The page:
|Battle of Barbourville|
|Part of the American Civil War|
|United States of America (Union)||CSA (Confederacy)|
|Commanders and leaders|
|Isaac J. Black||
Joel A. Battle, commanding engaged detachment
|300 Home Guardsmen||800 men engaged|
|Casualties and losses|
The Battle of Barbourville was one of the early engagements of the American Civil War. It took place on September 19, 1861, in Knox County, Kentucky during the campaign known as the Kentucky Confederate Offensive. The battle is considered the first Confederate victory in the commonwealth, and threw a scare into Federal commanders, who rushed troops to central Kentucky to try to repel the invasion, which was finally stopped at the Battle of Camp Wildcat in October.
Brig. Gen. Felix Zollicoffer's Confederates had moved from Tennessee to push from the Cumberland Gap into central Kentucky and gain control of the important border state. Ten days after his 5,400-man force left their base, Zollicoffer occupied the Cumberland Gap and took position at the Cumberland Ford (near present day Pineville) to counter Unionist activity in the area. For much of the summer, Federal sympathizers had been organizing and training recruits at Camp Andrew Johnson near Barbourville. Zollicoffer was determined to seize this camp and eliminate the threat. He also wanted to relieve pressure on the army of Albert S. Johnston and divert troops away from Johnston's command.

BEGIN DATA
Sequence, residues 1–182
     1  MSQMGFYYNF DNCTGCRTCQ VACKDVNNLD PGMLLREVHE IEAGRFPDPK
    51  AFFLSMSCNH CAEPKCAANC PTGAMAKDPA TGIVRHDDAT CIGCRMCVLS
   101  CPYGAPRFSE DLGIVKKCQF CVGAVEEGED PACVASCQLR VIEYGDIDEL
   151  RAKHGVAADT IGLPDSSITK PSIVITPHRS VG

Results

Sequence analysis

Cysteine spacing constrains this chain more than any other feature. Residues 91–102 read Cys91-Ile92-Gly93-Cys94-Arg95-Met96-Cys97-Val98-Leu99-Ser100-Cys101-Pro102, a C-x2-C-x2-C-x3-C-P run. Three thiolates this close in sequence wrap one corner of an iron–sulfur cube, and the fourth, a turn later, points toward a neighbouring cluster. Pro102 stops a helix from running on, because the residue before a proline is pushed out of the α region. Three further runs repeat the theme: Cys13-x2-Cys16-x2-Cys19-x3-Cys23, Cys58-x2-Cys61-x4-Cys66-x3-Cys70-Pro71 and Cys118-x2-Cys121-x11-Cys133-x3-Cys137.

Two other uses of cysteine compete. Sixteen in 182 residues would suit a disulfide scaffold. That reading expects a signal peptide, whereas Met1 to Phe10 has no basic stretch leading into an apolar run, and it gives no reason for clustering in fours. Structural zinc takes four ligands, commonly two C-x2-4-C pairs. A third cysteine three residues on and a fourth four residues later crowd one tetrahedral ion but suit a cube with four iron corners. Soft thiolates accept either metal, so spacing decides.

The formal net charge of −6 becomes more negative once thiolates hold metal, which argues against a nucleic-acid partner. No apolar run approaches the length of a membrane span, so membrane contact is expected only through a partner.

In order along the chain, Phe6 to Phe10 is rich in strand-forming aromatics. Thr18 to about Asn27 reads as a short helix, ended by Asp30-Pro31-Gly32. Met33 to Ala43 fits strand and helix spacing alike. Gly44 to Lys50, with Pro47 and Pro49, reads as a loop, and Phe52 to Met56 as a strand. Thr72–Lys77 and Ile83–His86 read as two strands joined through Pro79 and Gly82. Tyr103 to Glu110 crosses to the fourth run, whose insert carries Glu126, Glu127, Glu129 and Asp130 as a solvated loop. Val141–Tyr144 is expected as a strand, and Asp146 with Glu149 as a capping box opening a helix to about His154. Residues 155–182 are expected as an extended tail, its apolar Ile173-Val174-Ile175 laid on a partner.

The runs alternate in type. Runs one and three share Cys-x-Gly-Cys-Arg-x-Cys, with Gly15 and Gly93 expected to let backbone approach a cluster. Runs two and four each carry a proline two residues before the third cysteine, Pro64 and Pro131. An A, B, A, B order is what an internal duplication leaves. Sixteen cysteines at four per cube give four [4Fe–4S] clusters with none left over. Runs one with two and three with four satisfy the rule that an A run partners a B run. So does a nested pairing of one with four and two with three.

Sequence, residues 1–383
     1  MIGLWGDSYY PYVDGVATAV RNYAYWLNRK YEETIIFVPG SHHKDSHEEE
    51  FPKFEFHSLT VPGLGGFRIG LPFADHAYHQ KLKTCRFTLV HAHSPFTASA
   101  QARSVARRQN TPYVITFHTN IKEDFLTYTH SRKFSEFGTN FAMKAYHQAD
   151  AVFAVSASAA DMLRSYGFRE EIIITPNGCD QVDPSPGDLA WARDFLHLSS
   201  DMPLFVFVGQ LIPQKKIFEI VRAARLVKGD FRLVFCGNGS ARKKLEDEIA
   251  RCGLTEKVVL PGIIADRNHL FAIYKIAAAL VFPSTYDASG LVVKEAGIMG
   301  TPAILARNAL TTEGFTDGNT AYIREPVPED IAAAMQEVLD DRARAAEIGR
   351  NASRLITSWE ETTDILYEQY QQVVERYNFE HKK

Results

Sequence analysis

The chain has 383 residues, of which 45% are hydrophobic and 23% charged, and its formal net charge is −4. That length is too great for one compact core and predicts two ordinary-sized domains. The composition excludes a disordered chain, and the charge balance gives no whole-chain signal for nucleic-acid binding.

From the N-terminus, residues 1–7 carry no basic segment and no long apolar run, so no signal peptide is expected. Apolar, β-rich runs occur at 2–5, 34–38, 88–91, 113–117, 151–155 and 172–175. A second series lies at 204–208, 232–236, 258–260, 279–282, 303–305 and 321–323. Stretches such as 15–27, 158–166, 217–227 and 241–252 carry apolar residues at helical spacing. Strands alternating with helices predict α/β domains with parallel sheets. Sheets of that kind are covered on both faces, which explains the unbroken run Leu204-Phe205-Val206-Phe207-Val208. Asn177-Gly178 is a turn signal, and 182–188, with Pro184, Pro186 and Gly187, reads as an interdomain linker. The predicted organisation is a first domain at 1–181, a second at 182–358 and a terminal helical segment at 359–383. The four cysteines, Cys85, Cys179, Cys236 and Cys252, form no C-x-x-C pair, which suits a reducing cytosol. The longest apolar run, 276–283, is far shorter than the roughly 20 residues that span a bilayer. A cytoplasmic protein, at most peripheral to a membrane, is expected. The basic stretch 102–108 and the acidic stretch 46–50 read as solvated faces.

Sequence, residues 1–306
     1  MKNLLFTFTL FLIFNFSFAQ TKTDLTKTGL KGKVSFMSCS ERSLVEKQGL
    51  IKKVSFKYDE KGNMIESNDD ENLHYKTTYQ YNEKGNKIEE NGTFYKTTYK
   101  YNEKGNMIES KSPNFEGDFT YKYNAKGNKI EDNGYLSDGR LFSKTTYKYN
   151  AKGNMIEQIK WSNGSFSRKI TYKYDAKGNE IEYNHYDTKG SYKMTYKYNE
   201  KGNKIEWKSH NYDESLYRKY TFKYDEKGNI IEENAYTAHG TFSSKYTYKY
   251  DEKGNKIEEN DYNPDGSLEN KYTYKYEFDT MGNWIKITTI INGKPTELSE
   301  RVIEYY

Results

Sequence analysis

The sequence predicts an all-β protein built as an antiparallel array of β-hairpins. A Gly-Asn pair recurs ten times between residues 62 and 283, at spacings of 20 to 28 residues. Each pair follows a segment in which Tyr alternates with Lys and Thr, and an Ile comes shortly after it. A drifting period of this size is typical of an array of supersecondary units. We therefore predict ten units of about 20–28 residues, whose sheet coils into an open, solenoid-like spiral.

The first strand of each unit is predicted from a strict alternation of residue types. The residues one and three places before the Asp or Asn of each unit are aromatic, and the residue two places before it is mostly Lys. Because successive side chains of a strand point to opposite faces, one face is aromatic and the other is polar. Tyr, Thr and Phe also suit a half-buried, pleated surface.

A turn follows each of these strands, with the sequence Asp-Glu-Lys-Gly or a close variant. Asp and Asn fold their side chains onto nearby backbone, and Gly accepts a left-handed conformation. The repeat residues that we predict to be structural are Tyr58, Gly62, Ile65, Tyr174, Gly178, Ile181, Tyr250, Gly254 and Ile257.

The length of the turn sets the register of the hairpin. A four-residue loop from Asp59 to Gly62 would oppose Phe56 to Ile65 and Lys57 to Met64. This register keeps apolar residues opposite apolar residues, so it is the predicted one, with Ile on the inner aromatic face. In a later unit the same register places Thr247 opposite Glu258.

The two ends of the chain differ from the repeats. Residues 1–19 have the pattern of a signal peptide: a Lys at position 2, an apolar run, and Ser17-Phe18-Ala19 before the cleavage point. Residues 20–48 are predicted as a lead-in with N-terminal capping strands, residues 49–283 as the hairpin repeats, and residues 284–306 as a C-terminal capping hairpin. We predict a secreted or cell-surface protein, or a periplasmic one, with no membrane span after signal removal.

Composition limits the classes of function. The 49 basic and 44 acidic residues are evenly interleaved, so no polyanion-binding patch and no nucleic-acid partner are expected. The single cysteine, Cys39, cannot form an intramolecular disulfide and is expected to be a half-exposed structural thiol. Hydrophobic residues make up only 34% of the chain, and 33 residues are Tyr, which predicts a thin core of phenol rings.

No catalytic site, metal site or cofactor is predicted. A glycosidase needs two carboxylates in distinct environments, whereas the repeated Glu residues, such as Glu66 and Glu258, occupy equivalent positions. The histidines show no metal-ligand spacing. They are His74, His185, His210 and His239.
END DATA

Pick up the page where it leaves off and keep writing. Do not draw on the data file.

In a heavy morning fog, Zollicoffer sent forward about 800 men under Col. Joel A. Battle. Camp Johnson had largely been vacated, with the recruits moved to nearby Camp Dick Robinson, where several thousand Federal troops were gathered. As Battle's men approached the camp, they encountered a force of 300 pro-Union Home Guards under Capt. Isaac J. Black, who hastily removed the planking from the bridge to prevent the Confederates from crossing it. Sharp skirmishing broke out, but Battle's superior numbers prevailed and Zollicoffer won a victory. His men seized the camp, destroyed the buildings, and captured the arms and equipment left behind by the retreating recruits.
Black reported his casualties as 1 man killed, 1 wounded, and 13 captured. Fighting in the open, the attacking Confederates lost 7 men killed in the encounter.
- U.S. War Department, The War of the Rebellion: a Compilation of the Official Records of the Union and Confederate Armies, U.S. Government Printing Office, 1880–1901.
- Mycivilwar.com description of the battle
- National Park Service battle description
- CWSAC Report Update - Kentucky
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